The total energy density of the universe ρ is thus made up of what we might call matter density ρ_{M} (comprising regular matter such as protons, electrons and the like, plus electromagnetic energy and dark matter), and the energy density associated with dark energy. i.e., ρ=ρ_{M}+ρ_{&Lambda}.

The critical density ρ_{c} that we encountered earlier and that determines the curvature and ultimate fate of the universe is something that we can calculate theoretically and is given by the expression ρ_{c}=3H^{2}/8πG, where H is the Hubble constant (more about this and how it is measured in the next post). So &Omega=ρ/ρ_{c}, where Ω>1 gives us a positive curvature and a universe that will eventually stop expanding and start contracting, Ω<1 gives us an open universe that will expand forever, and Ω=1 gives us a flat universe that will also expand forever.

Hence &Omega = ρ/ρ_{c} = (ρ_{M} + ρ_{&Lambda})/ρ_{c} = Ω_{M} + Ω_{Λ},

where Ω_{M} = ρ_{M}/ρ_{c} and Ω_{Λ} = ρ_{Λ}/ρ_{c}.

The results obtained from the WMAP satellite say that the density of our universe is currently exactly equal to the critical density thus making Ω=1.0, and is made up of 4.6% 'ordinary' matter and energy, 23.3% dark matter, and 72.1% dark energy. This means that our current best estimates are that Ω_{M}=0.28 and Ω_{Λ}=0.72.

Note that since we know the values of G and H (more on this in the next post), the value of the critical density ρ_{c}=3H^{2}/8πG can be calculated and it works out to be 1.0x10^{-26}kg/m^{3}. This is an extremely small number reflecting the fact that the universe is mostly empty space. This highly dilute distribution is one major reason why it is not easy to directly detect things like dark matter and dark energy.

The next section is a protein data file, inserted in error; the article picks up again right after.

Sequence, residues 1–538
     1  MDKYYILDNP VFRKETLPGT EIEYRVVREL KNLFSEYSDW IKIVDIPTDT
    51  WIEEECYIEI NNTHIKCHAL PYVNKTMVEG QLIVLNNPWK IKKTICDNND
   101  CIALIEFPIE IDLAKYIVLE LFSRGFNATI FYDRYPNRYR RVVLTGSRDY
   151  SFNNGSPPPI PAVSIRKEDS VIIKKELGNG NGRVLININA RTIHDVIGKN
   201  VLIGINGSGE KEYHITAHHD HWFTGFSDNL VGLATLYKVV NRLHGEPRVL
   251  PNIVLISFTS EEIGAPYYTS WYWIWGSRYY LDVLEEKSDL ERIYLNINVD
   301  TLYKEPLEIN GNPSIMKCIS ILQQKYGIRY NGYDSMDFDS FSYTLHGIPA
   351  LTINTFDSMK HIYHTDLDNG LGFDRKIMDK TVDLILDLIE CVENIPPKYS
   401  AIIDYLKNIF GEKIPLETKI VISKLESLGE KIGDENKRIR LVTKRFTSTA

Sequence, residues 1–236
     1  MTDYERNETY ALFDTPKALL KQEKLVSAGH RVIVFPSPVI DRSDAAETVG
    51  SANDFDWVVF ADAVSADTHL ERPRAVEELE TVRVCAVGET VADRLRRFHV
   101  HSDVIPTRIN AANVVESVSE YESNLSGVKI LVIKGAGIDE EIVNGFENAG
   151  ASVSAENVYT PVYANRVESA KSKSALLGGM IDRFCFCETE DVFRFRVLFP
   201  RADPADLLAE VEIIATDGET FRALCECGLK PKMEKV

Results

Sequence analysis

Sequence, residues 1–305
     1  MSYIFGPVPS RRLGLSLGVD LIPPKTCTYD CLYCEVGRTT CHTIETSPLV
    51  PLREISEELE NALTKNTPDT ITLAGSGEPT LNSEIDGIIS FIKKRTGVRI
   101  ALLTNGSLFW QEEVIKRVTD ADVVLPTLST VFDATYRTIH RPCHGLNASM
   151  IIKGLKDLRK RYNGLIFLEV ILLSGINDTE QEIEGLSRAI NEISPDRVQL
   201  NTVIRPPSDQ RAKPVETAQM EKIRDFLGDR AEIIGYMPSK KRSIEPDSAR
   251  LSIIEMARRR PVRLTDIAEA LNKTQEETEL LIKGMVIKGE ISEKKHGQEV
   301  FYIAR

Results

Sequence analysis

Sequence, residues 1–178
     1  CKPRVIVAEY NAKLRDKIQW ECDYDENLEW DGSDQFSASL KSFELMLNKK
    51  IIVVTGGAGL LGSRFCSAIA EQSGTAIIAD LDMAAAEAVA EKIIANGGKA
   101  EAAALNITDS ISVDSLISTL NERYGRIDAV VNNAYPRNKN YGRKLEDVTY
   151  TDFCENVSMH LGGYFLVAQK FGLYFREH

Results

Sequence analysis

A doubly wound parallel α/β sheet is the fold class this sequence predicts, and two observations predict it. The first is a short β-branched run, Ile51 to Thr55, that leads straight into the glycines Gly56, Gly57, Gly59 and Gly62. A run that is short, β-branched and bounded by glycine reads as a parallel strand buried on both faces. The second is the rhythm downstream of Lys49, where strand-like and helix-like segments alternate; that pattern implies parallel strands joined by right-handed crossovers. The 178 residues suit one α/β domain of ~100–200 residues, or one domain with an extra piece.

When it comes to calculating the total energy density of the universe, the dark energy is added up with the other energies from ordinary matter and dark matter. But unlike those other forms of energy, its effect on cosmic expansion is to push outwards and increase the rate of expansion of the universe, and not pull on it and slow it down.

In those particular inflationary models that assert that Ω will always equal 1.0 for all time, since Ω_{M} gets less as the universe expands and gets more dilute, the value of Ω_{Λ} must increase with time to keep Ω=1, so that the outward pressure will ultimately win out over the gravitational attraction. In this model, we live in essentially a runaway expanding universe, with everything moving away from everything else with increasingly rapid speeds.

In fact, these theories suggest that the universe is expanding so rapidly that galaxies are disappearing from sight over the far horizon so we will see less and less of them as time goes by. So if we had happened to come along a hundred billion or so years later than we did, the only things we would see in the night sky would be the merged result of own Milky Way and the Andromeda galaxy, which are predicted to collide in the future. The sky would be really boring because the rest of the sky would be dark and people would have thought that there was nothing else in the universe. We would not have had the vast amounts of observational data that we have now that enable us to learn so much by making all these great inferences.

Lucky us!

Next: Measuring the universe.

**POST SCRIPT: Mr. Deity has a better equation than Einstein's one**

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## Comments

"Rij - (1/2)Rgij = (8?G/c4)Tij - ?gij"

So much for Big Bang for beginners.

"The sky would be really boring because the rest of the sky would be dark and people would have thought that there was nothing else in the universe."

Poets and ancient mariners alike are happy this isn't the case :)